The book ended with the death of the Little Prince as the snake takes the boy’s life with a bite. The prince feels this is the only way he can return to his planet to see his beloved friend, the rose. He is adamant with this decision and, although the pilot pleads with the boy who is even brought to tears, his mind his made up. The love for his lonely flower drives him to this act of selflessness.

The trailer ends as the screen goes black. I take a deep breath of relief knowing that I don’t have to torture myself any further by watching this travesty to literature, but realize that there is still one and half minutes more of something to come. The trailer stays black and continues as a swooning song from the film floods my ears along with the self-promoting words of the narrator: “The Little Prince: The entertainment that loves a lot and lives a lot, and gives and gives and gives a lot,” and “The Little Prince: An experience you and the child inside will never forget.” At 4:26 the trailer ends. My pain is finally eased.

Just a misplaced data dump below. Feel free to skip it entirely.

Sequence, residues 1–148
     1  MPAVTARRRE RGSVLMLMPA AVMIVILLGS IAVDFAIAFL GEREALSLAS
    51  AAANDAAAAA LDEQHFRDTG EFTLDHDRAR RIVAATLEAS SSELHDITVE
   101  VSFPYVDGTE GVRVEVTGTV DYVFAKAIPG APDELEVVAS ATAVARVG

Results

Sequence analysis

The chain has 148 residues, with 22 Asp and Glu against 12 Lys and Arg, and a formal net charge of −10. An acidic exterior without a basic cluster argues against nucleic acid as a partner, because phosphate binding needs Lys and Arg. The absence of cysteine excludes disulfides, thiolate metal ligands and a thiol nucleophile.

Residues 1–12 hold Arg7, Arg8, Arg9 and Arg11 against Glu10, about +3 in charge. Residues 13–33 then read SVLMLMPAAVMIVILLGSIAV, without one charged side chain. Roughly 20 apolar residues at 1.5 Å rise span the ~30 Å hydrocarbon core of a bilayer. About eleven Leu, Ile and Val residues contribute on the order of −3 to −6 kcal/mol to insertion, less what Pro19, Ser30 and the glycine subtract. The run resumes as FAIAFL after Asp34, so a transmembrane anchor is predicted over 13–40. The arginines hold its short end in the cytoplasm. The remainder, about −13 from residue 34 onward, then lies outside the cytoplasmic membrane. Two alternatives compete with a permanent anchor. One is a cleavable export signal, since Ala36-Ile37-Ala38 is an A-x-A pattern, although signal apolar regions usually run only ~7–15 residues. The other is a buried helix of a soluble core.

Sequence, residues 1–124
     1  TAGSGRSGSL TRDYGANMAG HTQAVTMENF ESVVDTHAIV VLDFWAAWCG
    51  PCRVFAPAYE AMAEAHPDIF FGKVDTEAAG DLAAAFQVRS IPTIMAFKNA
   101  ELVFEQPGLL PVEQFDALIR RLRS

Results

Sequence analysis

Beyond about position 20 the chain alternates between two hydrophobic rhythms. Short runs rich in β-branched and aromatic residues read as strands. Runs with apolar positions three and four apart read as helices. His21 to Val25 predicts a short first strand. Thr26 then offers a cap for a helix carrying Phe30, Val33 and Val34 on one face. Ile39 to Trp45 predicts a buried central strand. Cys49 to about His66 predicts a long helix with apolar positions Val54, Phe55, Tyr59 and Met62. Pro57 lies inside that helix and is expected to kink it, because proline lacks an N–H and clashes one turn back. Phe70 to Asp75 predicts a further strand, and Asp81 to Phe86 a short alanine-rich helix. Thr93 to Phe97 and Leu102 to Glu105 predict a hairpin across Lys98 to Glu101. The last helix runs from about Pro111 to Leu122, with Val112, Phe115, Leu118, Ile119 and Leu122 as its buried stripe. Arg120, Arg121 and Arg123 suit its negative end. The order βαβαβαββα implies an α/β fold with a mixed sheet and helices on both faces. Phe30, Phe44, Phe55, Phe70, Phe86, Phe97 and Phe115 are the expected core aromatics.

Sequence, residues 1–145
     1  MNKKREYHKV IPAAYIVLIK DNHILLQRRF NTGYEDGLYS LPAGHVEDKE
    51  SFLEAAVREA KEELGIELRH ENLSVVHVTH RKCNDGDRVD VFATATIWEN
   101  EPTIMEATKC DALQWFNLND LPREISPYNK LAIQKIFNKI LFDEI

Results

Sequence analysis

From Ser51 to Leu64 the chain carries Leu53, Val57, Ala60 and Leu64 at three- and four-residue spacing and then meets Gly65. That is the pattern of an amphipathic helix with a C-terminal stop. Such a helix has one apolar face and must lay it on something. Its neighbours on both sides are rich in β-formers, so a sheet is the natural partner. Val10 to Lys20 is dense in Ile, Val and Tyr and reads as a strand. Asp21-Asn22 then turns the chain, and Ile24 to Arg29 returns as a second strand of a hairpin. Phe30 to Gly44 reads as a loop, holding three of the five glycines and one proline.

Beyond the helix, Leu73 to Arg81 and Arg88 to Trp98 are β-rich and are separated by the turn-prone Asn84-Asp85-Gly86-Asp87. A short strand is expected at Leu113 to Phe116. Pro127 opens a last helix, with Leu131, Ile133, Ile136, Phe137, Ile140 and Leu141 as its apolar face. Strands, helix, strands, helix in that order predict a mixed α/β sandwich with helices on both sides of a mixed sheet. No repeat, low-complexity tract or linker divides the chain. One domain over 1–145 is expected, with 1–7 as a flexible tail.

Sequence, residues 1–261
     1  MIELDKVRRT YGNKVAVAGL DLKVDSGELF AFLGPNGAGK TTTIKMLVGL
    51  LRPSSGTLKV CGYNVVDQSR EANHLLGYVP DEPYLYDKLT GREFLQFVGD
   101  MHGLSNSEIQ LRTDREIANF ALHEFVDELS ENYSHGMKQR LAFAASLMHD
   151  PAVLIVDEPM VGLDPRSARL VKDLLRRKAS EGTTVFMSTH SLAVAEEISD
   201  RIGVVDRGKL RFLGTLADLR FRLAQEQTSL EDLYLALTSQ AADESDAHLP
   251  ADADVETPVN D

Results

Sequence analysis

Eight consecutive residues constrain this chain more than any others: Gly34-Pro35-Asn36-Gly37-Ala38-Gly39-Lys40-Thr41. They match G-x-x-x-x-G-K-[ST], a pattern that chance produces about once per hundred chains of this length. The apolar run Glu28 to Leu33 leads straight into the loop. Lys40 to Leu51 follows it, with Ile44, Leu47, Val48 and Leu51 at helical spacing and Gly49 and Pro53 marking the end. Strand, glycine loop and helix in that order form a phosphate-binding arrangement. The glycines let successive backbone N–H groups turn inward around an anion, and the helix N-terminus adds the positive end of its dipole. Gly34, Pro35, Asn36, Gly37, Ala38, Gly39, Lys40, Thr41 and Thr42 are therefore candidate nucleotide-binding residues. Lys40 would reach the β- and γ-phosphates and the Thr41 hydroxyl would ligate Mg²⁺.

I walked away from this trailer with a distinct and resounding loyalty for books over films adapted from them. I always felt a movie could never do a good book justice and The Little Prince only reinforced this feeling. Everything about this movie felt wrong and I gripped my copy of the book a bit tighter as I closed out the trailer I would never watch again. I went over the differences between the two versions again and again in my head hoping to find some common thread between them; anything that would at least tie them together in some way for the purpose of this review. One was awesome and the other sucked. One was popular and the other no one cared about. It seemed there was nothing. Racking my brains to figure this out, I finally found what I needed from one of the final statements the narrator of the trailer made. Like the book, the film really does give and give and give a lot. It gives a lot of heartburn, confusion, nausea, itchy watery eyes, heart palpitations, angry outbursts, impotence, burning while you pee, cottonmouth…

Author: Chad Jarrah, Special to CC2K